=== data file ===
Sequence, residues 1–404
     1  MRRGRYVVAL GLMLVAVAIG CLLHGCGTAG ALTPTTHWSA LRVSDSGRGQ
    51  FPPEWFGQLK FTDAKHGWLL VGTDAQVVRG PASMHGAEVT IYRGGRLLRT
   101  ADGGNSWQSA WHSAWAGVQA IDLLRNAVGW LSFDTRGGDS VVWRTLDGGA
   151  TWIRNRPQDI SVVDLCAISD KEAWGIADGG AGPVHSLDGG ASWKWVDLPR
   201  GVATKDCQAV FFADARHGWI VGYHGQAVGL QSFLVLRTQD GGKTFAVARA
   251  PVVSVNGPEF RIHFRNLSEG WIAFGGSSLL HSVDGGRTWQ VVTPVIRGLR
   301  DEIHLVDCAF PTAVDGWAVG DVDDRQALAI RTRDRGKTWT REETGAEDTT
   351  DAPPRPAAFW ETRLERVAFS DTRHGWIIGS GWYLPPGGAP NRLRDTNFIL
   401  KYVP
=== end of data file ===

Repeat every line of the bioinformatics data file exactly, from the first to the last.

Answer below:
Sequence, residues 1–404
     1  MRRGRYVVAL GLMLVAVAIG CLLHGCGTAG ALTPTTHWSA LRVSDSGRGQ
    51  FPPEWFGQLK FTDAKHGWLL VGTDAQVVRG PASMHGAEVT IYRGGRLLRT
   101  ADGGNSWQSA WHSAWAGVQA IDLLRNAVGW LSFDTRGGDS VVWRTLDGGA
   151  TWIRNRPQDI SVVDLCAISD KEAWGIADGG AGPVHSLDGG ASWKWVDLPR
   201  GVATKDCQAV FFADARHGWI VGYHGQAVGL QSFLVLRTQD GGKTFAVARA
   251  PVVSVNGPEF RIHFRNLSEG WIAFGGSSLL HSVDGGRTWQ VVTPVIRGLR
   301  DEIHLVDCAF PTAVDGWAVG DVDDRQALAI RTRDRGKTWT REETGAEDTT
   351  DAPPRPAAFW ETRLERVAFS DTRHGWIIGS GWYLPPGGAP NRLRDTNFIL
   401  KYVP